Future tech/ hi tech isn’t always better.

      4. “Getting rid of the mirror means you need new lenses.”

        Only if you redesign the camera to take advantage of the potential reduced flange-to-sensor distance. Which has been the main reason for m43 and Sony’s NEX series, granted, but Canon (for example) *could* redesign their current DSLR line as mirrorless if they wanted to.

        It wouldn’t make much sense, except for a bit of weight reduction, but they could if they wanted to.

  1. Moirrorless cameras do not have focusing pe3ntaprism in them. So, these cameras can get rid of the mirror. This has three major effects. One, the viewfinder doesn’t “go dark” during exposure. Second, the camera vibrates less because of no mirror action. Third, because of no mirror, the camera can be designed to be lighter and smaller than DSLRs.

    Better, maybe. Different, yes.

      1. This will be nice.

        On another rant, I want to slap the people that have the little point and shoot digitals that keep the fake SLR sound on when shooting pictures. Especially during school concerts and plays. Very distracting.

        RTFM if you’re going to buy technology.

        1. Many jurisdictions REQUIRE that cameras make a sound when capturing an image. This is to protect personal privacy. More specifically to keep perverts from taking up-skirt type photos of unsuspecting women, public locker rooms/showers, bathrooms, etc. True. A lot of pervs around.

          1. I can understand that, but my old Olympus has a menu choice to turn it off. My old cell phone, same thing, original iPhone, same thing- mute button.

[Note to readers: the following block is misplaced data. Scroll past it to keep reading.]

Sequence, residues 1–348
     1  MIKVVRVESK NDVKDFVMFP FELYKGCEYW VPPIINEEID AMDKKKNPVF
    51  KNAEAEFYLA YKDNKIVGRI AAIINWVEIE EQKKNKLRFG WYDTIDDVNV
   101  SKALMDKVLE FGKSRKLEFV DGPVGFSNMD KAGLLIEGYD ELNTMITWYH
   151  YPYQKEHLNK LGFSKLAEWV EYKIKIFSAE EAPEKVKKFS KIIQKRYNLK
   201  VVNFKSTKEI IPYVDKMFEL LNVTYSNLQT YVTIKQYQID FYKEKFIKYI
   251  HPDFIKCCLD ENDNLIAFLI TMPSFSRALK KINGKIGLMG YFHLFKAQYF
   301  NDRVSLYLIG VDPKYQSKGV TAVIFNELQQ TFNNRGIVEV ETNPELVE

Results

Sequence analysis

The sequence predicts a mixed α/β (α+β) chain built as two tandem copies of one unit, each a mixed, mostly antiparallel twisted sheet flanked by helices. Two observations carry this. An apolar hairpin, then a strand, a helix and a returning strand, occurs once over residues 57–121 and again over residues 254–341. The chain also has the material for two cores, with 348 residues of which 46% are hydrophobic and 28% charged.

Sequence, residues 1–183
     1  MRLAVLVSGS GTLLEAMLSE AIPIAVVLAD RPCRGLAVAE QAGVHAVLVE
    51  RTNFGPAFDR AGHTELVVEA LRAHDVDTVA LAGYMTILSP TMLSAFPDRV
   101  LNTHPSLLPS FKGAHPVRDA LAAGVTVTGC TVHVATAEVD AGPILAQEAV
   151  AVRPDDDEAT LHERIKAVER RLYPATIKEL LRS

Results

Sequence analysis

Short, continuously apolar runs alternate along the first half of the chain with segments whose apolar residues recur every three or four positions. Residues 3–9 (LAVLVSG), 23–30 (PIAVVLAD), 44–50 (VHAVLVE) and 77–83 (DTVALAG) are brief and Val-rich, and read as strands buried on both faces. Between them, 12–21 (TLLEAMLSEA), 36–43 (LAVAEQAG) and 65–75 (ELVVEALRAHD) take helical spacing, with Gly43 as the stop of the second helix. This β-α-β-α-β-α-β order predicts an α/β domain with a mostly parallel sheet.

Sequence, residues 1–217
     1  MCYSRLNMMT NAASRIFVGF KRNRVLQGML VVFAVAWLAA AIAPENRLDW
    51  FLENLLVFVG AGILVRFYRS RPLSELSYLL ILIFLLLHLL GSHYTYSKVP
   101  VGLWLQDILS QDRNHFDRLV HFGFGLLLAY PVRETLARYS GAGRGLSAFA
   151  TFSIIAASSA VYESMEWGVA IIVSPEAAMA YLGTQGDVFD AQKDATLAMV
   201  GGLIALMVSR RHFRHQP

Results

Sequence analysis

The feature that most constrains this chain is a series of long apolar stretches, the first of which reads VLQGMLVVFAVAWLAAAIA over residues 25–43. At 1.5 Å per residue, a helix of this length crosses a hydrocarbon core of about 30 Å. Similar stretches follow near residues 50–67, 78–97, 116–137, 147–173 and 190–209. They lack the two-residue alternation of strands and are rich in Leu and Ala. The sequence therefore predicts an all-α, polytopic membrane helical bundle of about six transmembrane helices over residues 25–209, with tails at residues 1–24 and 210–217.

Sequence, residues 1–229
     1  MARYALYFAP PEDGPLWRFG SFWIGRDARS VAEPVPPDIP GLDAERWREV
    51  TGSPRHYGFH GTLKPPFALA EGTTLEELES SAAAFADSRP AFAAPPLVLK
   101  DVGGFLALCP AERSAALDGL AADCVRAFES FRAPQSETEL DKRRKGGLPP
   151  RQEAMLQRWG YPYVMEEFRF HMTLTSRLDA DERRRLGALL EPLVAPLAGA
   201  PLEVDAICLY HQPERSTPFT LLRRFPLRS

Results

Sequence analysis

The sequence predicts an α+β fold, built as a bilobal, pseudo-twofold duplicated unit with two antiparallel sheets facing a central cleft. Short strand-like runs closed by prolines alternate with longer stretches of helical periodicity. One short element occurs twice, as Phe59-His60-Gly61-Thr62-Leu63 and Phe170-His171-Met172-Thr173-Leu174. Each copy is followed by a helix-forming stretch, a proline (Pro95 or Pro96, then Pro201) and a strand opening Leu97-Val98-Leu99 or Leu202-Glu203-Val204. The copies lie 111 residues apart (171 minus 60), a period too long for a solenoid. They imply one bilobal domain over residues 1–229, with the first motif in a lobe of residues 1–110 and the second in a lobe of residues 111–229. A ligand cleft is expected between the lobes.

No sound out of any of them.

      2. Actually, there still is a shutter noise. Mirrorless cameras still have a mechanical shutter. It’s around half as loud as a DSLR, since there is no mirror.

        I almost got the Canon G12 (to use on a movie set last year) because of the noise issue. Wound up being too busy during “takes” to take any stills. Glad I held off.

    1. You should get with the times. Canon had one– past tense– in the 1960s, but they haven’t been building them continuously since then. And those mirrors sucked compared to the Sony solution.

      Reality is, Sony is very innovative in the camera space, especially compared to a company like Canon (which seems to be doing nothing cutting edge at all.)

  2. Still missing support for Sigma cameras. That may be another problem with Sigma’s management decisions rather than Apple. Nonetheless, I want someone to get that handled.

    I really like Sigma’s cameras [their sensor, particularly], but management there has made some very questionable decisions, the most notable of which has been the pricing on their most recent high end camera. Since it has been so universally condemned, I can’t help but think someone has got to finally brush the sand off their head and get some sense over there. If they are the ones not permitting companies like Apple the ability to provide RAW support for their cameras, they can take the full blame while its customers continue to use workarounds. Still, I can’t help but think that Apple/Sigma/Somebody can get this handled. The format has been around for a good length of time now and it’s past time to provide more universal support for it.

  3. The main issue for me is that they haven’t supported the NEX5n on Snow Leopard. Why?

    Sure… I’m evaluating Lion on a non-business mini… but I’m not ready to make the switch on my MacPro work machine.
    (not going to argue reasons I’m still on 10.6.8. Reasons are valid for me.) I’ll go Lion when they release a new MacPro… or when I have to build a Hackintosh because the MacPro is discontinued.

    1. You can get around the Snow Leopard issue pretty easily.

      Get the Adobe DNG Converter and process your RAW images first, before feeding them to Aperture or whatever you use.

      Adds a bit of time, but it’s worked for me while waiting for OS X support for a new camera to arrive.

Reader Feedback

This site uses Akismet to reduce spam. Learn how your comment data is processed.